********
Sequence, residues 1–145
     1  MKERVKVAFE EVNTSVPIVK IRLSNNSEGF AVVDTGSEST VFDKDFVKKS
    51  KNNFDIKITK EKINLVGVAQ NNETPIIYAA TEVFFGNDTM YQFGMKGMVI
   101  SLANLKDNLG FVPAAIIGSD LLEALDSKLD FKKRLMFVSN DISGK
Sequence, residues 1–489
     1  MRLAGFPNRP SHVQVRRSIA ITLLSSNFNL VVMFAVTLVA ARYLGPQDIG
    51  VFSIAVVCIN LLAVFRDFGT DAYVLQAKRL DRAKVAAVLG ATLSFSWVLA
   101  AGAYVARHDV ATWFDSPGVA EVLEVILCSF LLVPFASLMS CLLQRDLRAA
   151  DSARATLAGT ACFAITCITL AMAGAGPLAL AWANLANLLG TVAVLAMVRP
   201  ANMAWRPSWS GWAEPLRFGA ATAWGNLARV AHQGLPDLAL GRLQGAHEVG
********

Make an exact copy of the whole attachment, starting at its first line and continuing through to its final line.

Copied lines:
Sequence, residues 1–145
     1  MKERVKVAFE EVNTSVPIVK IRLSNNSEGF AVVDTGSEST VFDKDFVKKS
    51  KNNFDIKITK EKINLVGVAQ NNETPIIYAA TEVFFGNDTM YQFGMKGMVI
   101  SLANLKDNLG FVPAAIIGSD LLEALDSKLD FKKRLMFVSN DISGK
Sequence, residues 1–489
     1  MRLAGFPNRP SHVQVRRSIA ITLLSSNFNL VVMFAVTLVA ARYLGPQDIG
    51  VFSIAVVCIN LLAVFRDFGT DAYVLQAKRL DRAKVAAVLG ATLSFSWVLA
   101  AGAYVARHDV ATWFDSPGVA EVLEVILCSF LLVPFASLMS CLLQRDLRAA
   151  DSARATLAGT ACFAITCITL AMAGAGPLAL AWANLANLLG TVAVLAMVRP
   201  ANMAWRPSWS GWAEPLRFGA ATAWGNLARV AHQGLPDLAL GRLQGAHEVG